This may seem an outrageous or impossibly vague claim. I offer as an entry-point to its elucidation an interview with British journalist Melanie Phillips (hat tip: Judith Levy) on Israeli television. Therein she made a remarkably courageous and brilliant statement in light of incontrovertible, factual, rock-solid truths about Israel and its right to exist and to defend itself:
“Western intelligentsia is signed up to a way of looking at the world which is what I would call 'ideological' – it’s to do with ideas. And long ago, it lost the idea, it lost the belief in truth. That there’s such a thing as truth."
That this is the most pithily eloquent and incisive comment I’ve ever heard coming from a public intellectual (at least on television) is somehow beside the point. And the issue here isn't Israel per se. Ms. Phillips says, on the one hand, this is a war that must be waged against the Left at the level of ideas. And yet, the whole problem is that the Left is "ideological."
It's an interesting contrast, one which bears some commentary.
A different way of describing Phillips' juxtaposition of truth and ideology is to say that for the intelligentsia facts and truth are essentially projections of will, and as such are created, not discovered. As Rorty intimated in the foregoing quote, the good is willed. The good is willed even though (or precisely because) in principle nothing is good.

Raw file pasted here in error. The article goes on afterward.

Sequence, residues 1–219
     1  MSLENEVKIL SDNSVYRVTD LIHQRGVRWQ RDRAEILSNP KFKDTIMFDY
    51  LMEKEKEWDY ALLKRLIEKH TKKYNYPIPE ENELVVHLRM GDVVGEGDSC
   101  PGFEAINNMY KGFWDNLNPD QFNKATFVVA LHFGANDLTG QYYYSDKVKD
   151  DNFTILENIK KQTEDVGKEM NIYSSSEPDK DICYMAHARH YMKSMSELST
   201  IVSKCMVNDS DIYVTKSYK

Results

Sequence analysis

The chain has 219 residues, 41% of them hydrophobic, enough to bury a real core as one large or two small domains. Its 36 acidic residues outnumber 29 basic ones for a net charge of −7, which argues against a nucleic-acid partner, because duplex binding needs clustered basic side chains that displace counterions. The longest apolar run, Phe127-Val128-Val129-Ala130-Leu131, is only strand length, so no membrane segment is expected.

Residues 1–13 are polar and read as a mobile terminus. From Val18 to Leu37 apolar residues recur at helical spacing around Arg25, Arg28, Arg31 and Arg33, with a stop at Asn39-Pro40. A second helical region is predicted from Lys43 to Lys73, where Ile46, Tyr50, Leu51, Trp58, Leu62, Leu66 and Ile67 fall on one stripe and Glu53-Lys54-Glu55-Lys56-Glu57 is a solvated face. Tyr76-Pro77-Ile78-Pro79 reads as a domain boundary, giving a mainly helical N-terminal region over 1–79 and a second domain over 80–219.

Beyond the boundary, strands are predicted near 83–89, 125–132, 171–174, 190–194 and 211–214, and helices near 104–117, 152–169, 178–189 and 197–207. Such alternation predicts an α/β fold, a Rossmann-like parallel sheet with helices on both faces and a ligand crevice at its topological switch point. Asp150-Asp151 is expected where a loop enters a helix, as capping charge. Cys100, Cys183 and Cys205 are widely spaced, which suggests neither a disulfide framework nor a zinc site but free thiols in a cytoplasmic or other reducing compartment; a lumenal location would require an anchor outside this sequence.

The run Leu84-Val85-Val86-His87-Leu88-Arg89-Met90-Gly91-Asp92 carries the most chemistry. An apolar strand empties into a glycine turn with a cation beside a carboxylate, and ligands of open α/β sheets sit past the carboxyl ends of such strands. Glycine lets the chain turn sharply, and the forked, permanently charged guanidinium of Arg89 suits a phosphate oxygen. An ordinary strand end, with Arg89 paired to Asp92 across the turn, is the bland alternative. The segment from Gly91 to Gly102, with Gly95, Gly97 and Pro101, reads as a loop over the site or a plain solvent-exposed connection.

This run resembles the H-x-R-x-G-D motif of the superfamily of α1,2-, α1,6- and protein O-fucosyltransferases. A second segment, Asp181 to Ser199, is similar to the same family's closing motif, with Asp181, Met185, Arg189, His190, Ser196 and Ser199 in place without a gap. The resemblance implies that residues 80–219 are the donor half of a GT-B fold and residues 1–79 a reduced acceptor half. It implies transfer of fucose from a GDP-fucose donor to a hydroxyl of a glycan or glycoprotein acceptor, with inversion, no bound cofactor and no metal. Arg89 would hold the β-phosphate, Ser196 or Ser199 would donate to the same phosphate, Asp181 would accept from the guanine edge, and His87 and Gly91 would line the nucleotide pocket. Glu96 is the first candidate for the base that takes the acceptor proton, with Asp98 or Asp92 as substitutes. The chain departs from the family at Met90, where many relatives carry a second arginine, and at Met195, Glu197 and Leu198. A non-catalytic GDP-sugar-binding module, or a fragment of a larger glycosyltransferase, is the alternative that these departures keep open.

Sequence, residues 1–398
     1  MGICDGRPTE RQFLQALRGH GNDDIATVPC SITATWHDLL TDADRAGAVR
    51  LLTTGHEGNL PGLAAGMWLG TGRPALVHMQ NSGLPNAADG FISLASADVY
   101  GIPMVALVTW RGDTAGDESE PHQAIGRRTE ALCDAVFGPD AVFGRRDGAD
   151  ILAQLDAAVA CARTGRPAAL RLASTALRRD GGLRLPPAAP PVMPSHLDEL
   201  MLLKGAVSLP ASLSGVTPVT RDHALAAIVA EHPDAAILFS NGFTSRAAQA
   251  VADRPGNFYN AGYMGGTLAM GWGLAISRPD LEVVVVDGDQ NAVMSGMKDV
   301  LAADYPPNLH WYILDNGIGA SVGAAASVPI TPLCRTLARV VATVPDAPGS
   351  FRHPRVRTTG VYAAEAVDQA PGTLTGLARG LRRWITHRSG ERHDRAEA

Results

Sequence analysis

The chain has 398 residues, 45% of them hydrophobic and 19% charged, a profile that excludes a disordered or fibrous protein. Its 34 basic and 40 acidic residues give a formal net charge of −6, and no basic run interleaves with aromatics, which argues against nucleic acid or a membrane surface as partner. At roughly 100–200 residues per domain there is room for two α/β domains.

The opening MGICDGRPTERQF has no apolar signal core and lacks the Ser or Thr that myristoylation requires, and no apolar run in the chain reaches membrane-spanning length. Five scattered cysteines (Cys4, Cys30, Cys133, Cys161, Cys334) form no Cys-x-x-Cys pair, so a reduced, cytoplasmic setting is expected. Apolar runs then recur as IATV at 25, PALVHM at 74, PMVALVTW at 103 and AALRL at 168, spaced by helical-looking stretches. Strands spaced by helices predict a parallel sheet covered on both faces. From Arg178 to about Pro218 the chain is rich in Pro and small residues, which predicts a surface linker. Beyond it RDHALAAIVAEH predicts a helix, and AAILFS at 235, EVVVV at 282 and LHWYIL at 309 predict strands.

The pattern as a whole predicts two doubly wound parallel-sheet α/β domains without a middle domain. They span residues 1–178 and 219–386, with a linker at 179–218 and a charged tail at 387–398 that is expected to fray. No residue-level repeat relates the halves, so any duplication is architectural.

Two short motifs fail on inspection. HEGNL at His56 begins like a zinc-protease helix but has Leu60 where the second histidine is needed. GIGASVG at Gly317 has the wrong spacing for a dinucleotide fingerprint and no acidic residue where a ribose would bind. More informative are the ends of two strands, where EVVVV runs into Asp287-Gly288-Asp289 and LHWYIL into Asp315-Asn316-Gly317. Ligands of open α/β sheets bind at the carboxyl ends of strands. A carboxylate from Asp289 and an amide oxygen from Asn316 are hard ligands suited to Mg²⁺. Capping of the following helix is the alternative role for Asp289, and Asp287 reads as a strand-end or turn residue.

But at a perhaps deeper level, the problem is the mistaken belief that facts and truth are equivalent -- or that empirical facts exhaust the realm of what can be labeled true. Belief that the fact/value distinction is true, or that all judgments of good are actually judgments of “value” and hence ultimately coeval with faith, renders the spouting of facts otiose and unavailing against those whose souls (habits, tastes, conception of the good) have been (mis)shaped politically in certain ways or by family upbringing.
All politics and all Western philosophy come down to one fundamental question: what is the given that's outside my will? Or: Are ends and purposes created or given? Will implies creation. If ends are created, then there is no conflict. There is no politics. History is at an end. One is simply a Last Man because the end is created by the will itself: "Willing is resoluteness toward oneself, but as the one who wills what is posited in the willing as willed" (Heidegger: Nietzsche, Volume I, p. 40). As such, the will rejects any notion of good and evil, or any sense of friends and enemies. The will posits its own end.